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Help dogs and other pets stay safe in the winter

Help dogs and other pets stay safe in the winter

January 30th, 2019 by Kevin Labotka in Local News

In this March 26, 2011 photo, a few very cold daffodils peek through about three inches of snow.

Photo by David Wilson

Here are some tips to make sure that pets stay safe during the winter.

Local Veterinarian Dr. Roger Borgmeyer at the California Veterinary Clinic said the smaller breeds of dogs are more likely to need extra protection from the cold.

"The smaller breeds are in the house all the time and are not used to the outside," Borgmeyer said. "The bigger breed dogs generally have their winter fur and are acclimated to it and don't need a sweater."

When choosing if it is cold enough to give the dog a sweater, Borgmeyer said it depends on the individual dog. Borgmeyer said to look to see if the dog is shivering to decide if it is time to put the sweater on.

Here are some other helpful tips:

Update all vaccinations such as Rabies, DHLP, Parvovirus, Coronavirus and Bordetella. Cats should receive FERCP, Rabies, Feline Leukemia and FIP.

Heartworm preventive medicine should be given year-round.

Internal parasite examinations insure your pet is "worm-free."

Feed high quality food to meet the increased nutritional needs during cold weather. High protein labels do not mean it is digestible protein. Pets kept outside should be fed more food to meet their needs through the winter. Fresh water should always be available. Be sure to provide unfrozen water at least twice daily during zero weather. Porcelain bowls will prevent tongues from sticking to it. Avoid metal bowls for this reason.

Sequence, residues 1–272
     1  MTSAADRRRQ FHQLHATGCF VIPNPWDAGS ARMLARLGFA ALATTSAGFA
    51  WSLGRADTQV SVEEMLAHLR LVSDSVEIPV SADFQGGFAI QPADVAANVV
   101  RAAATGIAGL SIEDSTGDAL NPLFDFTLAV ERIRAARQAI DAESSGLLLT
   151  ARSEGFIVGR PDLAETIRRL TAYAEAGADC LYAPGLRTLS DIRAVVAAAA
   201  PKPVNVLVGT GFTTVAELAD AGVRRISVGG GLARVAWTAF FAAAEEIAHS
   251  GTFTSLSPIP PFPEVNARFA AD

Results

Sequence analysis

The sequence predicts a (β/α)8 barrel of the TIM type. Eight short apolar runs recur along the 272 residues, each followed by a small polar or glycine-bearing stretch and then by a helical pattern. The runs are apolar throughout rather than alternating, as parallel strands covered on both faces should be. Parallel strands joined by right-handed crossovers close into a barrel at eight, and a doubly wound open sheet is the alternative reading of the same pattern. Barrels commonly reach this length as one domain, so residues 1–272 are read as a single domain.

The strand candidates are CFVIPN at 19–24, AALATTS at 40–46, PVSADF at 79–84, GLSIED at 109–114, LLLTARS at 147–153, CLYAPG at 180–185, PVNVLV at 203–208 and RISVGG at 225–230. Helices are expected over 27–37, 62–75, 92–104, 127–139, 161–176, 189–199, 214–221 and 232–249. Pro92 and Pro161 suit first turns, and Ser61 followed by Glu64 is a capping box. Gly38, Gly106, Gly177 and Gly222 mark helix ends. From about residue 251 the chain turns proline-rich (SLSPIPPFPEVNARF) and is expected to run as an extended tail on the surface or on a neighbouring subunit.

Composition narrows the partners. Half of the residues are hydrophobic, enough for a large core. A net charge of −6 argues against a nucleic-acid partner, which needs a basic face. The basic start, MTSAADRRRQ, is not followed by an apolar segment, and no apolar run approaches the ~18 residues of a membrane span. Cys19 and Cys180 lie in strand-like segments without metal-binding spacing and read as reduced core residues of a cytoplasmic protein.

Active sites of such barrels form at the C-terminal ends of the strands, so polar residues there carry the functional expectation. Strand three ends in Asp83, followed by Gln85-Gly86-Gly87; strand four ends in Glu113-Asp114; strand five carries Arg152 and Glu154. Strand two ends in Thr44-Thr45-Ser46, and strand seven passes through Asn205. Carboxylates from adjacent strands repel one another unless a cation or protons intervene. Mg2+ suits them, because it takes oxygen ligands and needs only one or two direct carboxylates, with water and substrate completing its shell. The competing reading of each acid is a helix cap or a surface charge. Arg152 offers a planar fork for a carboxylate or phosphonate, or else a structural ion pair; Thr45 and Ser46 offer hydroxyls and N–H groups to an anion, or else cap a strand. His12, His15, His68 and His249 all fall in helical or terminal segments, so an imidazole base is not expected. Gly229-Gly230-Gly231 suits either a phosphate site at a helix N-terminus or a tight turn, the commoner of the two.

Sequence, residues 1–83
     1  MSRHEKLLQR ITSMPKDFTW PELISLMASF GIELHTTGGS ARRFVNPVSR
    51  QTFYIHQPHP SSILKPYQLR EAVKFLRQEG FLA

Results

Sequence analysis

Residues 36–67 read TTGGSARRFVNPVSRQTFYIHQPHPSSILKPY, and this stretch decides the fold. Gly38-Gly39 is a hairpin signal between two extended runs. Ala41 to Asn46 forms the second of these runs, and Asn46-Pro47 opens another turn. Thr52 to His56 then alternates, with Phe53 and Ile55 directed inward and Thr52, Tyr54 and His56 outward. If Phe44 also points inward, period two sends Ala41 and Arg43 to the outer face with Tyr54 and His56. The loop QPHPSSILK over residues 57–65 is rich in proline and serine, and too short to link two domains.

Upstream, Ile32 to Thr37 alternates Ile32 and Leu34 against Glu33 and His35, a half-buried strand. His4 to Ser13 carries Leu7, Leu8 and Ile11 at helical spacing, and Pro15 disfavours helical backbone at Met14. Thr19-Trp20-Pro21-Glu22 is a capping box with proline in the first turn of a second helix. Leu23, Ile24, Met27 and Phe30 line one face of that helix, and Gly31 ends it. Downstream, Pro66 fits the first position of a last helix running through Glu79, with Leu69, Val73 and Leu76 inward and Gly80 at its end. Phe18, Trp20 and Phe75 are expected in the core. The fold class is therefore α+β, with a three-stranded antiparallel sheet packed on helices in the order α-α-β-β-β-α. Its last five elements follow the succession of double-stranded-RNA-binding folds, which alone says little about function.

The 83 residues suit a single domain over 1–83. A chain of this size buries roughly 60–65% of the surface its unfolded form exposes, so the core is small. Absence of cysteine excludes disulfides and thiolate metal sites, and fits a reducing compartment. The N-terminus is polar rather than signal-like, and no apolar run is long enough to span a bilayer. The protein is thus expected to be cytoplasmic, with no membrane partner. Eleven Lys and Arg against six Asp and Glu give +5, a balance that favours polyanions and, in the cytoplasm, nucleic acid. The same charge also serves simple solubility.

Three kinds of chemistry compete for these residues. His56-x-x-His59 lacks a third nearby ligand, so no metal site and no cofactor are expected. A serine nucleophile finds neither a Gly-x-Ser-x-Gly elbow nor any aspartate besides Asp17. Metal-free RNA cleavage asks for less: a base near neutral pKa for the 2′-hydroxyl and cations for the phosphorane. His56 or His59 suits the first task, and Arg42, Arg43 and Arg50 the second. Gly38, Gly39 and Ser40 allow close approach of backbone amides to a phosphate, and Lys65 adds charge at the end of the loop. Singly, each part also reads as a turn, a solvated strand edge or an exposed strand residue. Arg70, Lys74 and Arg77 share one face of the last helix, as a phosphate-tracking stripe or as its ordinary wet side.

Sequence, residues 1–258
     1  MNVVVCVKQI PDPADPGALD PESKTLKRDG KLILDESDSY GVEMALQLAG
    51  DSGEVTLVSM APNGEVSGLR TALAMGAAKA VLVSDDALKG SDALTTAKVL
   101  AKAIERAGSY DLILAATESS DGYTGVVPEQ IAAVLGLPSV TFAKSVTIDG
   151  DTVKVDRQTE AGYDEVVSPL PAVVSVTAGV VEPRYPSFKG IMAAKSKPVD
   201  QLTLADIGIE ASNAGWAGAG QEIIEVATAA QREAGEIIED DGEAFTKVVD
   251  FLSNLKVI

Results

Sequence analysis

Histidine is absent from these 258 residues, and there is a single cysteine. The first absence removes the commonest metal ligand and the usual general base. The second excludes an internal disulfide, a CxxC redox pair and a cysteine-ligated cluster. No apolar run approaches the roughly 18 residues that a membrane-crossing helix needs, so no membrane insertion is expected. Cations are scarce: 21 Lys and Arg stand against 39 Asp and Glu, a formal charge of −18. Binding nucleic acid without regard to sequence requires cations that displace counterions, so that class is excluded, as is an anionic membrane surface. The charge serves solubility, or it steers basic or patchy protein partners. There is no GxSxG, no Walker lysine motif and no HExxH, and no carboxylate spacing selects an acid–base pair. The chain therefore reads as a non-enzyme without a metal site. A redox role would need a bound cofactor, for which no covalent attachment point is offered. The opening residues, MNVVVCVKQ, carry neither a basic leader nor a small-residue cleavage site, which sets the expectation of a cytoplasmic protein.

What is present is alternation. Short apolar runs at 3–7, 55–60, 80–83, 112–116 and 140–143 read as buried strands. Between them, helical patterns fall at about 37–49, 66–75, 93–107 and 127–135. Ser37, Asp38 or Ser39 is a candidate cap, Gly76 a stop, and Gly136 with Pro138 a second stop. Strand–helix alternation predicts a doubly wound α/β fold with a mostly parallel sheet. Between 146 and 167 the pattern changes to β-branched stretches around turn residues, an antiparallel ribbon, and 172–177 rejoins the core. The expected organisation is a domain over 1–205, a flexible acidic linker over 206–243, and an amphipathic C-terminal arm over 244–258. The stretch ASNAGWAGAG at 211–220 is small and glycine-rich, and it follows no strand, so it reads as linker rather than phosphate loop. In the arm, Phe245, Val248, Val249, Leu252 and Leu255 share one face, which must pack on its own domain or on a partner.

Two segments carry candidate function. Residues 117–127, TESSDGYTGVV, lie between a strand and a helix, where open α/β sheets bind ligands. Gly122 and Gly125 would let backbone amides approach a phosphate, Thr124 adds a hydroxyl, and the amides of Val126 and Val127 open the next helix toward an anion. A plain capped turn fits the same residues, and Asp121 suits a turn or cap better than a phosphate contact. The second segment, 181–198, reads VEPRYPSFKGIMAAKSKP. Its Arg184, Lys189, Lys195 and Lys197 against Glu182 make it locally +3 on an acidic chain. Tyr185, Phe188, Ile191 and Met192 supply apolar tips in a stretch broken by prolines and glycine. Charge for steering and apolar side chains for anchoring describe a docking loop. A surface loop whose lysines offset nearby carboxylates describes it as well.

Vitamin supplements such as Pet Tabs for dogs and Nutrical for cats increase your pet's resistance to the effects of cold weather and provide needed nutritional elements that often deteriorate once a bag of food has been open.

Brush your pet daily to maintain its hair coat.

Provide adequate shelter. Providing adequate shelter from the elements is the key to a healthy outdoor pet. Pet shelters should be tightly constructed and no larger than three times the size of the pet. The doorway should be just large enough for the pet to enter and be positioned away from the prevailing wind direction. Building the shelter off the ground a couple of inches and adding insulation underneath will greatly add to the pet's comfort. Make sure all insulation is sealed away from the pet. Position the shelter where it will get the most sunlight in the winter. Cedar Shavings make the best bedding. No pet should be out in zero or sub-zero weather for more than a few minutes without adequate shelter. Winter is no time to begin keeping a pet outside.

Antifreeze can be lethal. It is sweet tasting to your pet. Always clean up any spills in the garage or driveway. Contact your veterinarian immediately if you suspect even a "few licks" by the pet.

Cats sleep close to warm car engines. Know the location of your car and honk your horn before starting the car.

Chocolate can be fatal. Keep those one pound chocolate kisses away from your pet.

Salt can hurt paws. Clean the footpads immediately when coming back inside. Dry skin (dandruff) is a result of dry heat in the house. Keep the pet brushed. The clinic has proper skin moisturizers and food supplements. Avoid over-the-counter products.